July 2017 Roundtable Meeting


Presented by Tom Wilson

Thursday, July 13, 2017, at 6:30 p.m.

Highlands Museum & Discovery Center

The most important event to occur in eighteenth-century North America, the Seven Years’ War (or as the colonists called it, the French and Indian War), figures in most Americans’ consciousness of the past as a kind of hazy backdrop to the Revolution. As citizens of a nation created by an act of collective secession from the British empire, we Americans have always tended to take as our point of reference the thirteen rebelling colonies, not the empire as a whole-or the North American continent. This perspective has generally limited our ability to see the continuities between our pre-Revolutionary past and the rest of our history.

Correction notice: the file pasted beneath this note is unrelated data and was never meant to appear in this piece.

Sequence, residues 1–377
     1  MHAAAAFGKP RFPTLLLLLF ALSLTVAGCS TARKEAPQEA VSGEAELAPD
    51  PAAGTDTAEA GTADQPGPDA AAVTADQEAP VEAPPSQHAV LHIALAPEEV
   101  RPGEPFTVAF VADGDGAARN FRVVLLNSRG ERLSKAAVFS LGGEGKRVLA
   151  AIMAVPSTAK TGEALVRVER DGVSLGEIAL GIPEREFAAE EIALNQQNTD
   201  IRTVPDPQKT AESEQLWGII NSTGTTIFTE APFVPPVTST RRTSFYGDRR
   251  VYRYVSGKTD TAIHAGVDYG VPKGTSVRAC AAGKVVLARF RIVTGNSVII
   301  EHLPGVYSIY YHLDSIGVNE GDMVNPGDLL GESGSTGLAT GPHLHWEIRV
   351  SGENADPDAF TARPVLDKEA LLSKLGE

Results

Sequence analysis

Coming to grips with the Seven Years’ War as an event that decisively shaped American
history, as well as the histories of Europe and the Atlantic world in general, may therefore help us begin to understand the colonial period as something more than a quaint mezzotint prelude to our national history. For indeed, if viewed not from he perspective of Boston or Philadelphia, but from Montreal or Vincennes, St. Augustine or Havana, Paris or Madrid – or for the matter, Calcutta or Berlin – the Seven Years’ War was far more significant than the War of American Independence.

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